Demand for food in sub-Saharan Africa will rise by 60 per cent by 2030, according to the World Bank
A report by the group, entitled ‘Ending Poverty and Hunger by 2030: An Agenda for the Global Food System’ called for pre-emptive action from governments across the continent to increase agricultural productivity.
Released last week at one of a series of meetings between the IMF and the World Bank in Washington DC, the report was described by World Bank president Jim Yong Kim as “critically important”.
“Countries should ensure farmers have access to markets, receive fair value for crops, and grow foods that will withstand the rigors of a changing climate,” explained Kim.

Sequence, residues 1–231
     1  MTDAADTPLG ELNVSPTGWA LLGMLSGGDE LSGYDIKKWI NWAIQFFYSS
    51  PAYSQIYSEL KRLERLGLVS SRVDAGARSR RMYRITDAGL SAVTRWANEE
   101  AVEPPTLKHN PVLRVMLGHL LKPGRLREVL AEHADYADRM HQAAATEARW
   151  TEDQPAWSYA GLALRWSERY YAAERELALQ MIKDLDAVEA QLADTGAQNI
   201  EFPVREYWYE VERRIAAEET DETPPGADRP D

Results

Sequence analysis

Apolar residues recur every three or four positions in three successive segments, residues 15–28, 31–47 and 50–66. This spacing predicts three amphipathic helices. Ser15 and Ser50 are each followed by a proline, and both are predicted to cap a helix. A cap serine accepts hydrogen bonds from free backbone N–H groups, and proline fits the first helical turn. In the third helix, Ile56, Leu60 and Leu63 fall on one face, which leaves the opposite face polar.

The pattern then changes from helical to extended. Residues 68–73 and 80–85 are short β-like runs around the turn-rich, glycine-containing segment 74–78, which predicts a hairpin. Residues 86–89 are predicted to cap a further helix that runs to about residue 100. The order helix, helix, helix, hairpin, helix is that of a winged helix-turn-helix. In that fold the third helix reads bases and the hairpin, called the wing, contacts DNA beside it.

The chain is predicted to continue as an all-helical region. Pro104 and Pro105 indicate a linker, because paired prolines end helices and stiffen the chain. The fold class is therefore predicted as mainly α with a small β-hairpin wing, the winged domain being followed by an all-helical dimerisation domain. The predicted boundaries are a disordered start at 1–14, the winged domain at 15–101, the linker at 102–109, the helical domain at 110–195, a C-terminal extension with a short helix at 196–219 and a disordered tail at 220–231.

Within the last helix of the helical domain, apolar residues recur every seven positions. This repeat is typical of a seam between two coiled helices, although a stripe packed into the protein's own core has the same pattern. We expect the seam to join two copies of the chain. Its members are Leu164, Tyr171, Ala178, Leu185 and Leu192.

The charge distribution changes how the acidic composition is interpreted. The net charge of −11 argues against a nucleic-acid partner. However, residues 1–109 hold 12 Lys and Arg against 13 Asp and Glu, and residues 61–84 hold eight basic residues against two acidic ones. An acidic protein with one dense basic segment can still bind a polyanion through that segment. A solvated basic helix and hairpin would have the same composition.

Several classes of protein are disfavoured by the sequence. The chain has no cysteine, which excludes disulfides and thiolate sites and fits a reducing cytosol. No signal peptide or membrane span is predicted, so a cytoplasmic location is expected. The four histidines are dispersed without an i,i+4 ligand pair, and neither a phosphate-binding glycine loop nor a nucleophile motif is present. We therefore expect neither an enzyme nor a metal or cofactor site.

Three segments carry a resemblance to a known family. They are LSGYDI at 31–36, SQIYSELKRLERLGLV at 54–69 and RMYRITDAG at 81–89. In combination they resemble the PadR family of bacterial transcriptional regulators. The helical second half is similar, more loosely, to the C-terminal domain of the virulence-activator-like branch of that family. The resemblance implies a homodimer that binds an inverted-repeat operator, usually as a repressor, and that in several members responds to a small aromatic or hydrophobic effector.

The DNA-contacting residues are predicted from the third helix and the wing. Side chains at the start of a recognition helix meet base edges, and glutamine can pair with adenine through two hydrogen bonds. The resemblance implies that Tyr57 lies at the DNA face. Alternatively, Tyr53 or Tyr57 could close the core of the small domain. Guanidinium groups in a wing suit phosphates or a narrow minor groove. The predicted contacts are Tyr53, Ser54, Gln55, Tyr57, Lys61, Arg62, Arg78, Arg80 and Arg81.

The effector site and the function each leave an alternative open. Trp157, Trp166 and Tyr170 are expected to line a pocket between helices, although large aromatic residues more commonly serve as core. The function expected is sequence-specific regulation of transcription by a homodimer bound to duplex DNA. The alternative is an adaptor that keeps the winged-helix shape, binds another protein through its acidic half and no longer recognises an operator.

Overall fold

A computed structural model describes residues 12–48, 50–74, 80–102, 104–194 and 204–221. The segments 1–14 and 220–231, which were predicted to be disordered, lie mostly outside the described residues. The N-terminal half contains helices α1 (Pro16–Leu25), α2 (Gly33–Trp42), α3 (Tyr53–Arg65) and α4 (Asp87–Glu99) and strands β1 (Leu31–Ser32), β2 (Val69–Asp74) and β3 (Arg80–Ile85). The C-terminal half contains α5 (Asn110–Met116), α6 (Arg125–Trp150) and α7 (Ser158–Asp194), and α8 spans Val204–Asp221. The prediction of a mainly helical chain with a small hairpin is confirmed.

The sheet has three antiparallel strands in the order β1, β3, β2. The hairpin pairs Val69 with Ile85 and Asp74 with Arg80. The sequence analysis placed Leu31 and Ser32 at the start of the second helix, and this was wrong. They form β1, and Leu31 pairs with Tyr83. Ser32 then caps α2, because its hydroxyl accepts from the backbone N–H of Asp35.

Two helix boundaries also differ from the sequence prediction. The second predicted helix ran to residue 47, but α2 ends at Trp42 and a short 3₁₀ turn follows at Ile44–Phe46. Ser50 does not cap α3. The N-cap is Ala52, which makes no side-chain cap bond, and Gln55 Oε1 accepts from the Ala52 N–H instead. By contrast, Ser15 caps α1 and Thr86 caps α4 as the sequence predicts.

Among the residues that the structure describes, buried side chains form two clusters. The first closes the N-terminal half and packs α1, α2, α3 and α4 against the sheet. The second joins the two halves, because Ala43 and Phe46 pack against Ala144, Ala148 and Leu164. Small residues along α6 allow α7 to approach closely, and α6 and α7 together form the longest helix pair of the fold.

One of the key arguments made by the report was the importance of climate-smart agriculture, predicting rising temperatures will cause crop yields to fall by between 15 and 20 per cent in the poorest regions.
Strengthening value across food chains was also said to be vital, with the report outlining policy and investment areas to help achieve this goal.
“We call for broad action by all on this agenda to end poverty and hunger by 2030,” said World Bank senior director for agriculture Juergen Voegele.